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“we work to live”

Everything is up in the air. That might be the mantra of Celine, Emil and Åse. They live in a nexus of opportunities, where travel, work and family life are not mutually exclusive. Quite the contrary. Everything kind of flows together.

“We chose this independent life. Because it allows us to travel. And manage our own schedules. So we’re not locked into those six weeks of holiday every year. It’s a very conscious choice. A way of life we choose.”

Fluid work and leisure
Some do best with fixed boundaries. And admittedly, according to Celine, a certain amount of rhythm and structure in everyday life is necessary to make it all to work.

But other than that, she and her family do not belong among the former. In other words: Their purpose in life is not centred around fixed boundaries and work. Almost the opposite.

Because Celine and Emil do not live to work, but work to live. They are passionate about their jobs as, respectively, a creative stylist and producer, but this doesn’t necessarily mean renouncing other and deeper values:

“We love our work. But everything flows together when you’re self-employed, doing something that’s also your hobby”, Celine says, and continues:

“So, it all becomes very fluid. There are no hard, definite boundaries between work and leisure. For us, freedom is being able to go to the places we want to go, and work can just come along.”

“THERE ARE NO HARD, DEFINITE BOUNDARIES BETWEEN WORK AND LEISURE. FOR US, FREEDOM IS BEING ABLE TO GO TO THE PLACES WE WANT TO GO, AND WORK CAN JUST COME ALONG.

EVERYTHING IS UP IN THE AIR. FOR US, IT’S JUST ABOUT BEING ABLE TO LIVE SPONTANEOUSLY AND NOT GET STUCK.”

When distance gives closeness
In the wake of COVID, distance is not just an evil. We may not need to shake hands at the office every single day. In a digital era, Celine and Emil are living proof that a different way of life is physically possible in practice:

“Åse is nine months old, and she’s an easy child. Of course, combining things with work brings challenges. But it’s also wonderful. Being self-employed, we’re privileged in a way, so we really can’t complain,” Celine says with a good deal of humility.

“For us, it’s about working as little as possible. Taking home just enough so that we can take time off. Or we can take a production with us. A lot can be planned from anywhere as long as you have access to a phone and your email.”

“WE CHOSE THIS INDEPENDENT LIFE. BECAUSE IT ALLOWS US TO TRAVEL. AND MANAGE OUR OWN SCHEDULES. SO WE’RE NOT LOCKED INTO THOSE SIX WEEKS OF HOLIDAY EVERY YEAR. IT’S A VERY CONSCIOUS CHOICE. A WAY OF LIFE WE CHOOSE.”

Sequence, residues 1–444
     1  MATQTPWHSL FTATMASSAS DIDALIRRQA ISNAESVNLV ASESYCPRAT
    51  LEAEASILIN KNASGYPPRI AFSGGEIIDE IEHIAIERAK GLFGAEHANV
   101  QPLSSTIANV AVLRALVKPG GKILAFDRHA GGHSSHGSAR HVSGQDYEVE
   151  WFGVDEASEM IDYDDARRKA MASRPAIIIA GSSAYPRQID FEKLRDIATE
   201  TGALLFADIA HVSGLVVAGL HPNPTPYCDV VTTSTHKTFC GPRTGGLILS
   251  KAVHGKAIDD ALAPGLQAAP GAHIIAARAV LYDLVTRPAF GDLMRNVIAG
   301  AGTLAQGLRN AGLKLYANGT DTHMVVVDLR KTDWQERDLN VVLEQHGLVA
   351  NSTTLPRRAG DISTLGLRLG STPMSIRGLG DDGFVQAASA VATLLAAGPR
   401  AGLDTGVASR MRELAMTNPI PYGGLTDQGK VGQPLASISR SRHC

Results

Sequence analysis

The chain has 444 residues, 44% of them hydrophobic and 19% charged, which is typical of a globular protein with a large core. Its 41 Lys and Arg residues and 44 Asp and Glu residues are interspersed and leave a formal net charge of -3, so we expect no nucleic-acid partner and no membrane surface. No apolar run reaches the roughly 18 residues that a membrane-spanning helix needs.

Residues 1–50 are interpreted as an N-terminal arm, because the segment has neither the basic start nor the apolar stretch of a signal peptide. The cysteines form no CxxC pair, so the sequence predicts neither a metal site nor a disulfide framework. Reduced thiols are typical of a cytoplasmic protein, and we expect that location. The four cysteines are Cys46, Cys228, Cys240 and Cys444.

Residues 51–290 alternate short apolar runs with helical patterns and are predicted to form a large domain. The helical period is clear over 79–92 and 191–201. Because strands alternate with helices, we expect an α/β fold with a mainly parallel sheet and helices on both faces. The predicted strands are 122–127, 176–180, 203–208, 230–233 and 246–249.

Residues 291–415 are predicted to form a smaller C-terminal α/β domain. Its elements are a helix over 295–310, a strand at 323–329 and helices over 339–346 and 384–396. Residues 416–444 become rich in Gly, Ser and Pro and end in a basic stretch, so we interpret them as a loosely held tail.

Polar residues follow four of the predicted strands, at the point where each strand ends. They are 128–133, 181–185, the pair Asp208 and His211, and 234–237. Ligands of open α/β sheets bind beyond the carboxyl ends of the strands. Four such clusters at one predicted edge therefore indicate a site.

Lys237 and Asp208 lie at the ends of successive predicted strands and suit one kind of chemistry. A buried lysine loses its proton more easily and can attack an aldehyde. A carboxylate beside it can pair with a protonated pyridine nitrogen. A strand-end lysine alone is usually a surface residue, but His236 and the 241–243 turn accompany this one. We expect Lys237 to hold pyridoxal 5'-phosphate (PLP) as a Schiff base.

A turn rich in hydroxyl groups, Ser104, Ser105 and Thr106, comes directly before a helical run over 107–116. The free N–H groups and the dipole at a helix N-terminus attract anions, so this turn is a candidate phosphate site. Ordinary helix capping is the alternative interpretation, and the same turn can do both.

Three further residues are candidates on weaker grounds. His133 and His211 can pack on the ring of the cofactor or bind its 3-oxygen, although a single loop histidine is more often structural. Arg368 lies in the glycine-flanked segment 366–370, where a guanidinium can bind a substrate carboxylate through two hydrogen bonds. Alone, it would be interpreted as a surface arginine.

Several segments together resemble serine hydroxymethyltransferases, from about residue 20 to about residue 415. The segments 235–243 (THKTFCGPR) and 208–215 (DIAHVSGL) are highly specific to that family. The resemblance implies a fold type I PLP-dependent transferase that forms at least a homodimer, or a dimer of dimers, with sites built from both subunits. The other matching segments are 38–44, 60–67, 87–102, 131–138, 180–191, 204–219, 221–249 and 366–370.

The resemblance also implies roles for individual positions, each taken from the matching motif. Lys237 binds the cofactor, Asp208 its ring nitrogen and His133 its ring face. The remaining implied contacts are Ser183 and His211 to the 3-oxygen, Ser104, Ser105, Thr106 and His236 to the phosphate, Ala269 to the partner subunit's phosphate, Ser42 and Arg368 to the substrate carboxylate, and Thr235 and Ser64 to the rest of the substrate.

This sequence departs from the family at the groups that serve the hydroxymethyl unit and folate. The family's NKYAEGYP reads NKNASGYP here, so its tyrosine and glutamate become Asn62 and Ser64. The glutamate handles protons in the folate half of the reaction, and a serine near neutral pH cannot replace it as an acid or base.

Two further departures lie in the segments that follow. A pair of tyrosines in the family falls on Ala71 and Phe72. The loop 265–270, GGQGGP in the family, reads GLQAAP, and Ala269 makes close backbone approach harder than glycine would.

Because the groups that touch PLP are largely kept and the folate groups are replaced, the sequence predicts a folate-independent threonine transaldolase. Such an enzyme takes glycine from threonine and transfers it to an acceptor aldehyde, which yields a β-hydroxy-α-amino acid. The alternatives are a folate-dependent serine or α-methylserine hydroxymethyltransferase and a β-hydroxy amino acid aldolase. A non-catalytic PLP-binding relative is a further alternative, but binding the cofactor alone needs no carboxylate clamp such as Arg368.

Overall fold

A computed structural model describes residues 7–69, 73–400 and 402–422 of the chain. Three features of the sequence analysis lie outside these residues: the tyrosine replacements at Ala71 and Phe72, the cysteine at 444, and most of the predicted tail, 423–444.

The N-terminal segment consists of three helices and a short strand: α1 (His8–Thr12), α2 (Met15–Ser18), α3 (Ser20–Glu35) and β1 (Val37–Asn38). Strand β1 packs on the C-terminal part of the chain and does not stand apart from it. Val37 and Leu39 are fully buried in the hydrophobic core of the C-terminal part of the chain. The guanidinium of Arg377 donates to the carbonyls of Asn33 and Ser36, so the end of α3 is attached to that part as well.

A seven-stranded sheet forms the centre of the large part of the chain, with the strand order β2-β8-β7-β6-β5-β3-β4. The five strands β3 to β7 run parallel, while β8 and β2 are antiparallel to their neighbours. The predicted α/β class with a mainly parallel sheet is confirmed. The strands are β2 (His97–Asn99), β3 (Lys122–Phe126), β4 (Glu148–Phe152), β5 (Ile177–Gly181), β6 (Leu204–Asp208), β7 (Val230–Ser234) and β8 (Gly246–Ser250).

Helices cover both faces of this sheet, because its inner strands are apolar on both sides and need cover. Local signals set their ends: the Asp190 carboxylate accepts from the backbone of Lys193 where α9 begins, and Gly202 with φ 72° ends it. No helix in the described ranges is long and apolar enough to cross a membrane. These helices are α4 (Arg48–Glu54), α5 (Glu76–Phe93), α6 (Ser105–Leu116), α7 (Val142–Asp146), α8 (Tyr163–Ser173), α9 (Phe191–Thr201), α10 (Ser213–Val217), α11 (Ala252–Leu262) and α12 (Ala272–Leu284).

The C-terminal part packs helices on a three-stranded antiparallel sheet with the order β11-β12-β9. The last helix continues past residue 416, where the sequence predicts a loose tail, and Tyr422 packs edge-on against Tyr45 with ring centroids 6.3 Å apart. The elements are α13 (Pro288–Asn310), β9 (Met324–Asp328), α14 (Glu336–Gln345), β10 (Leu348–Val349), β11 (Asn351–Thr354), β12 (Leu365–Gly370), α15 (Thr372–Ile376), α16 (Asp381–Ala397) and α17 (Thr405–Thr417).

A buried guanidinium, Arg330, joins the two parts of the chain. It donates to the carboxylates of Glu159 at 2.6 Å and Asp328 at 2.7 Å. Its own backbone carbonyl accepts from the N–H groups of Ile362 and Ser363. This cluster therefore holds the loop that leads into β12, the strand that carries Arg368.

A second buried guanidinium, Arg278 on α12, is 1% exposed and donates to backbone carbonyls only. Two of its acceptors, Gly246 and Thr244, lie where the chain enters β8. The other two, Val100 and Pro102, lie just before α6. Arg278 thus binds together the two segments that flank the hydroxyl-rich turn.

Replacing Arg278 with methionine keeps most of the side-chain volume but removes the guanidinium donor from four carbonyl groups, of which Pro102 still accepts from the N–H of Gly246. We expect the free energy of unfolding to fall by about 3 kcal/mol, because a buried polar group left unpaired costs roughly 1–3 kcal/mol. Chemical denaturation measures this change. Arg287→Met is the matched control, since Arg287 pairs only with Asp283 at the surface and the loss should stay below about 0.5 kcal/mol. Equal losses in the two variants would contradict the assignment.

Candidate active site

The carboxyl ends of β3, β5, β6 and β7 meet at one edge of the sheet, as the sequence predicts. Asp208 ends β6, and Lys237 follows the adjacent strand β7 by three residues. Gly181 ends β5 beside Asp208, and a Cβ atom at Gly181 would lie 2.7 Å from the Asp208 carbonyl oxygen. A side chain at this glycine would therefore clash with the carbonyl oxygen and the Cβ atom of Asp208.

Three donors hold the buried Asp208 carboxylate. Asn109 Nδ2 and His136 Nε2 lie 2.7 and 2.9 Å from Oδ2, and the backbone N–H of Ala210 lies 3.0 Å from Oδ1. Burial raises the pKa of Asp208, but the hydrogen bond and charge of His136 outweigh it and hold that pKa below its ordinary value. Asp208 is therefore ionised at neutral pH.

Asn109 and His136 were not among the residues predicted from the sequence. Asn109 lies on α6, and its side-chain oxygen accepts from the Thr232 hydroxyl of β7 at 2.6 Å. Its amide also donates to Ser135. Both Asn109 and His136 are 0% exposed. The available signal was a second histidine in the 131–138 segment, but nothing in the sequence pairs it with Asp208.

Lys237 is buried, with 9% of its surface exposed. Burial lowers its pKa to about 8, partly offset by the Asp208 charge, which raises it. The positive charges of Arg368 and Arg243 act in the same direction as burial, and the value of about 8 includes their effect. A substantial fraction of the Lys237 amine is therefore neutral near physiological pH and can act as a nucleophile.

That square A4-shaped life, it just stresses us out thinking about it
Celine and Emil openly declare that they work to live. It’s about being. Working, travelling, being with the family, adding value and prioritising each other, even on the greyest, blandest of days:

“I mean, that square A4-shaped life, it just stresses us out thinking about it. Every day being the same. Everyday life has to be something to look forward to, not just something to get through.”

“You can’t just live for the weekends and holidays. We try to embrace every day with just cool little things that bring us joy.”

Film, photographs and reality
It is a life with authenticity inside. Where dreams must be brought to life. This is reflected in the couple’s production company, Wergeland Pictures, which develops and produces visual campaigns for e.g. fashion, music and lifestyle. With Celine as the creative part and Emil in the producer’s chair.

And this is reflected in the attitude towards the KURAGE project Real People, Real Homes, where Celine and Emil open the doors to their home for a series of personal photos:

“I’m really FOR using ‘ordinary’ people instead of presenting something that doesn’t exist. Real People, Real Homes involves real people in real homes, although of course it’s also a staged reality with a camera lens. But it adds another level of credibility, one we also work with ourselves.”

Prospects for new adventures
For Celine, Emil and Åse, the future awaits. Not in an ominous way, but as an expectation of new opportunities and an almost Hans Christian Andersen-like fairy tale that doesn’t presuppose localised necessity:

“We just dream of continuing this lifestyle. Where we can travel and take our jobs with us”, says Celine and rounds off with prospects that only support the family’s cemented vision of a life where lines are blurred:

“We also dream of having a few more productions in e.g. Norway, where I come from, so that we can be with my family too. Maybe live up there. We’re really like… you know, EVERYTHING is up in the air. For us, it’s just about being able to live spontaneously and not get stuck”.

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